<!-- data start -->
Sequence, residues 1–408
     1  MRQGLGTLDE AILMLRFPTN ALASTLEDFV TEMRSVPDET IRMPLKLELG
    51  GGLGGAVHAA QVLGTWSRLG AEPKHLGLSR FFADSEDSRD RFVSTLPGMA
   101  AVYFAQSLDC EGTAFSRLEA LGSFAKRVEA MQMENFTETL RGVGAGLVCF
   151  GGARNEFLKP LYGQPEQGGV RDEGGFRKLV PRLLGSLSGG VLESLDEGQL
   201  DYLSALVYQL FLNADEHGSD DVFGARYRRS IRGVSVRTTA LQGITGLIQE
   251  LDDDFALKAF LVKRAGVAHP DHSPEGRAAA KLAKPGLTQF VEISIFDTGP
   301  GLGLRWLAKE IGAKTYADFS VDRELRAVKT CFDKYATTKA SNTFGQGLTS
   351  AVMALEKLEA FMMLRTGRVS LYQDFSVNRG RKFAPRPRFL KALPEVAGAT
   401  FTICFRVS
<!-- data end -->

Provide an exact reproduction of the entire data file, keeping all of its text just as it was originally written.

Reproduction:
Sequence, residues 1–408
     1  MRQGLGTLDE AILMLRFPTN ALASTLEDFV TEMRSVPDET IRMPLKLELG
    51  GGLGGAVHAA QVLGTWSRLG AEPKHLGLSR FFADSEDSRD RFVSTLPGMA
   101  AVYFAQSLDC EGTAFSRLEA LGSFAKRVEA MQMENFTETL RGVGAGLVCF
   151  GGARNEFLKP LYGQPEQGGV RDEGGFRKLV PRLLGSLSGG VLESLDEGQL
   201  DYLSALVYQL FLNADEHGSD DVFGARYRRS IRGVSVRTTA LQGITGLIQE
   251  LDDDFALKAF LVKRAGVAHP DHSPEGRAAA KLAKPGLTQF VEISIFDTGP
   301  GLGLRWLAKE IGAKTYADFS VDRELRAVKT CFDKYATTKA SNTFGQGLTS
   351  AVMALEKLEA FMMLRTGRVS LYQDFSVNRG RKFAPRPRFL KALPEVAGAT
   401  FTICFRVS